When NSBA representatives and market experts met with the veto-empowered President Valdas Adamkus, a compromise was achieved, which was overwhelmingly approved by Parliament Sept. 29. A 15 percent capital gains tax was secured instead of the original 29 percent.
But despite what seemed like a significant slash to what the Parliament originally approved, the 15 percent tax has received a luke-warm reception from market experts.
Most experts argued that the 29 percent tax would hamper the development of the capital market. Many stated they were not against the tax itself, but simply the timing.
"Our first proposal was to postpone the tax for two years," said Saulius Peciulis of the NSBA. "But when we understood that this was an impossible goal, we proposed 10 percent. President Adamkus suggested a compromise and we ended up with 15 percent, which is a lot better than 29. It was a great accomplishment."
For almost three months, no concrete decision was made on the fate of the tax. When Parliament voted upon the reformatted version with Adamkus' amendments, it was passed by an overwhelming majority - 96 MPs voted in favor, one against and 12 abstained.
Tomas Andrejauskas, a stock broker from the Suprema firm, admitted that a 15 percent tax is much more acceptable than a 29 percent one. He nevertheless predicts that a "messy" future could surround the tax when it is introduced at the beginning of next year.
"Of course 15 percent is much better," said Andrejauskas. "Plus the small domestic investor will benefit because of the fact that if he gains no more than 12 minimal salaries, which is about 2,500 litas ($625), it won't be taxed.
"However, the administration of this tax will be difficult. There should be a lot of decrees concerning its collection, because there will be some mess."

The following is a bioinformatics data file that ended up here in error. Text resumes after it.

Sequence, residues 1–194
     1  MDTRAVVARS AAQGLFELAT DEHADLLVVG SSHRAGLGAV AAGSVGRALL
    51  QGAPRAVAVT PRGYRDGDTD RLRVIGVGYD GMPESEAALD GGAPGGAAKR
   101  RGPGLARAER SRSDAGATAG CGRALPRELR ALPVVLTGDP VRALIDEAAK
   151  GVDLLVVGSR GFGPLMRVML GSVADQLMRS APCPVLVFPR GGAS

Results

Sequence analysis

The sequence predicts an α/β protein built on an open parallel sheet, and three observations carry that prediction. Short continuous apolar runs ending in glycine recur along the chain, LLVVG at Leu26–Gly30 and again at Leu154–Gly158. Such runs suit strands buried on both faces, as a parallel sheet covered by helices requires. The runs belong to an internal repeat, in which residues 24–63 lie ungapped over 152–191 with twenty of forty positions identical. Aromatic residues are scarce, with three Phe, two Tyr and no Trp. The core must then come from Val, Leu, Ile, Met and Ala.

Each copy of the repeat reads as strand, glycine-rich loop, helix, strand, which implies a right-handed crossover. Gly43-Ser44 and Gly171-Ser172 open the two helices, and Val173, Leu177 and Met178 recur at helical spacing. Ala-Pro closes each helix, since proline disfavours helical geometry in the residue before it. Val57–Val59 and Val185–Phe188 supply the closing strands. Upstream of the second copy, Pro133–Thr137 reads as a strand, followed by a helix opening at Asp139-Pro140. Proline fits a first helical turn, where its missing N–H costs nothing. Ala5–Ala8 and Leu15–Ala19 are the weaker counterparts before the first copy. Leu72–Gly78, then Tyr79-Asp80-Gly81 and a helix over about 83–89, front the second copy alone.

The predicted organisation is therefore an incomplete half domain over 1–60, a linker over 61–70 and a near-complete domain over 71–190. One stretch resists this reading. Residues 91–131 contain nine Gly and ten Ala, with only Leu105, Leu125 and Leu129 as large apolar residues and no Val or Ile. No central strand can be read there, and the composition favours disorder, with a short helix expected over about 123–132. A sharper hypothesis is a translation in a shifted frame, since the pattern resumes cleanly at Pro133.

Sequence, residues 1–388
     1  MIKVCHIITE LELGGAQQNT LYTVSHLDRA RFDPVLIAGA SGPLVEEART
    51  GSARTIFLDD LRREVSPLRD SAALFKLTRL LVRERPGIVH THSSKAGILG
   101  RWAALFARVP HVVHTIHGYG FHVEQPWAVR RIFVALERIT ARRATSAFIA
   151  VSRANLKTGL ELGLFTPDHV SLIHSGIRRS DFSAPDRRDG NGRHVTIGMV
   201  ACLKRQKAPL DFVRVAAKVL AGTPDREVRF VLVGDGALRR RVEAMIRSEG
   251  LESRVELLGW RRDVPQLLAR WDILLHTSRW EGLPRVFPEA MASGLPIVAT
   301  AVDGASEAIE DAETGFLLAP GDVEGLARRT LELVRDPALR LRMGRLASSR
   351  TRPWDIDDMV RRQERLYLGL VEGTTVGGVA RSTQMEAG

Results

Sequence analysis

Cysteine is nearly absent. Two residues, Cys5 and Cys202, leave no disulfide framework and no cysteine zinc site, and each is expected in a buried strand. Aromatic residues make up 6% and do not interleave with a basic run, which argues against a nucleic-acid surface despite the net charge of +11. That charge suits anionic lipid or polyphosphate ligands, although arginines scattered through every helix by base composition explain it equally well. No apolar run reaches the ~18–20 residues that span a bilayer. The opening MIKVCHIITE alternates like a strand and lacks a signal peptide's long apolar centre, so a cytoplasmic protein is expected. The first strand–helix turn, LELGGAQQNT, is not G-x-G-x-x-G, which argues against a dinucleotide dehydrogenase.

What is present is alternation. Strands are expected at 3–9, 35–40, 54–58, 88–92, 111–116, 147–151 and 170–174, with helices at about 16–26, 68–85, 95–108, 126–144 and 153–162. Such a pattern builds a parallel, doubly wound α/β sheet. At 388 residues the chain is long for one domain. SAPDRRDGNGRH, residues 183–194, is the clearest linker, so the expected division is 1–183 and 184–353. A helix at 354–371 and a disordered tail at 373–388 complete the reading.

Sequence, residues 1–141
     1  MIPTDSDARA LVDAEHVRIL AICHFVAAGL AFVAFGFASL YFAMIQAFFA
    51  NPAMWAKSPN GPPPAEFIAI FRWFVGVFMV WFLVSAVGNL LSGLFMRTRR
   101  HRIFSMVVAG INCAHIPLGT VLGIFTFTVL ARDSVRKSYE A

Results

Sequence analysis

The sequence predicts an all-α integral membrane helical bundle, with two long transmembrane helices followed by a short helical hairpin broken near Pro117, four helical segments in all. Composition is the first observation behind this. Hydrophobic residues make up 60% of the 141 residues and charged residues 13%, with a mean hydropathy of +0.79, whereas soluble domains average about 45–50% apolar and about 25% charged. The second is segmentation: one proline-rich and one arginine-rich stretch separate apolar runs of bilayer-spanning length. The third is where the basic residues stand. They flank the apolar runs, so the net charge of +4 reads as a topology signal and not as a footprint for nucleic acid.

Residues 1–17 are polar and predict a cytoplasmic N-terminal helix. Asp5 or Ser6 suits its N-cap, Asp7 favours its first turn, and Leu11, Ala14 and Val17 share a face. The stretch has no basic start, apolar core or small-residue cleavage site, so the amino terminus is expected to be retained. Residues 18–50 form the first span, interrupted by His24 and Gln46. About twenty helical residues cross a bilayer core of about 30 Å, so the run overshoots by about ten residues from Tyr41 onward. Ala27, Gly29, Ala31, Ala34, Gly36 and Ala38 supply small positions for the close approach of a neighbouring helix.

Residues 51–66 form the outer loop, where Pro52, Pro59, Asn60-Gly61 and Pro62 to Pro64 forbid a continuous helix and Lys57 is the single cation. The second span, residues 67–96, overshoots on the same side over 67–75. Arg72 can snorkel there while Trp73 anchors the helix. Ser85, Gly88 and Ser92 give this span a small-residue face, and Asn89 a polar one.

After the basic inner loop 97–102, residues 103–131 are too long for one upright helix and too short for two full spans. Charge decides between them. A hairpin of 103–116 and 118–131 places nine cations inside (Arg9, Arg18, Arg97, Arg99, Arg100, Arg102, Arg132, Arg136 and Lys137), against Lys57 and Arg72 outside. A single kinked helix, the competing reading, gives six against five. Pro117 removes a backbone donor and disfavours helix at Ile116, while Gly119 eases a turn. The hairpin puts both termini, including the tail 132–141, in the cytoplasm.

Ruta Vainiene of the Lithuanian Free Market Institute (LLRI) was equally skeptical about the tax. LLRI representatives also participated in the meetings with the president.
While she, too, considered 15 percent far better than the Parliament's original proposal, she suggested that any revenue generated by the tax will be offset by the administrative costs.
"It's senseless to shoot such a little bird with such a big bomb," said Vainiene. "[The tax] will do more harm than good. The administration costs will be too high in comparison to the revenues the tax will generate.
"The only argument for this tax is that 'income is income,' but there are much higher distortions in the market which should be addressed instead of taxing this.
"What is the purpose of investing? It's not just to have fun and go through the process. People invest to earn money."
Euginija Martinaityte, director of the Lithuanian Banking, Insurance and Finance Institute, said some of the negative comments were a bit too harsh considering a much higher percentage was avoided.
"It is really positive that the percentage was reduced," said Martinaityte. "It also shows a good reaction on the part of the president. It was a hard discussion during the negotiations."